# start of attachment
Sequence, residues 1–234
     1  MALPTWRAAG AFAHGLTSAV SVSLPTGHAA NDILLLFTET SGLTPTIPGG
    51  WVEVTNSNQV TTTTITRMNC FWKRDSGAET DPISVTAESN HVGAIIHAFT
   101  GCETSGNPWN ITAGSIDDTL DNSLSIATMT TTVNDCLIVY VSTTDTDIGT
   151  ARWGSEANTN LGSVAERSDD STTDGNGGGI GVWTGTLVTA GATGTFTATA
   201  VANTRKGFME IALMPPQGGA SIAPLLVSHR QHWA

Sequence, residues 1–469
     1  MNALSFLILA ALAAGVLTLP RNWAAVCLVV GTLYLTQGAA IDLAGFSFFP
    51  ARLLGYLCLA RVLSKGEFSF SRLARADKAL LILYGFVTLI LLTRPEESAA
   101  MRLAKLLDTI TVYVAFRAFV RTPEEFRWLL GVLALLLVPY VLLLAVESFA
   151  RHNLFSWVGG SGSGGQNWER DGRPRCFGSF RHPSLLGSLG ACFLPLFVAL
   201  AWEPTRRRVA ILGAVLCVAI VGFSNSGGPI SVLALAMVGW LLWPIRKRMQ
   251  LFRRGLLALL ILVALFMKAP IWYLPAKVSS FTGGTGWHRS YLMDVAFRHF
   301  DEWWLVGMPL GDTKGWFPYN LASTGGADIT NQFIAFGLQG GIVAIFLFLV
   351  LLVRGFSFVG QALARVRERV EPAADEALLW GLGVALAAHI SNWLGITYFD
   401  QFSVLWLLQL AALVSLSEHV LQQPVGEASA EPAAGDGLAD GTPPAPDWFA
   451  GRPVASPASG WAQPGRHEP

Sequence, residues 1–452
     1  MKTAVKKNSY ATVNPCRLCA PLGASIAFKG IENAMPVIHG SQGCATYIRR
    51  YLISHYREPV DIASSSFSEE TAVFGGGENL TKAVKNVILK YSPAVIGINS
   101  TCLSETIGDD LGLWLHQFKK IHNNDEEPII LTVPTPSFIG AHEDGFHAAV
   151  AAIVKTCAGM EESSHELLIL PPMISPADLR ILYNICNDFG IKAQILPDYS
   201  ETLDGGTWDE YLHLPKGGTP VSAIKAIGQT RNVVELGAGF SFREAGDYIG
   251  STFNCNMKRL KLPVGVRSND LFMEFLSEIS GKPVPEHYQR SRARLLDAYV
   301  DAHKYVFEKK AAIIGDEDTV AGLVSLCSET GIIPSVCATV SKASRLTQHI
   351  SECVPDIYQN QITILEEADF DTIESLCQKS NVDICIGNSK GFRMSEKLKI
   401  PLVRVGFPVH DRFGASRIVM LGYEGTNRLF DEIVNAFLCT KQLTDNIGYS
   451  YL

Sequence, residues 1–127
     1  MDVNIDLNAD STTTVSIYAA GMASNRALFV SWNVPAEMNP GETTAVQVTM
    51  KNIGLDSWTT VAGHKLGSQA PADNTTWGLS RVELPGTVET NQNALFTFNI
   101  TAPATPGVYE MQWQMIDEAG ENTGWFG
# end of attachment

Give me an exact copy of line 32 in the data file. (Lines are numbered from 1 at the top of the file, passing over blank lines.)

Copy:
   101  TAPATPGVYE MQWQMIDEAG ENTGWFG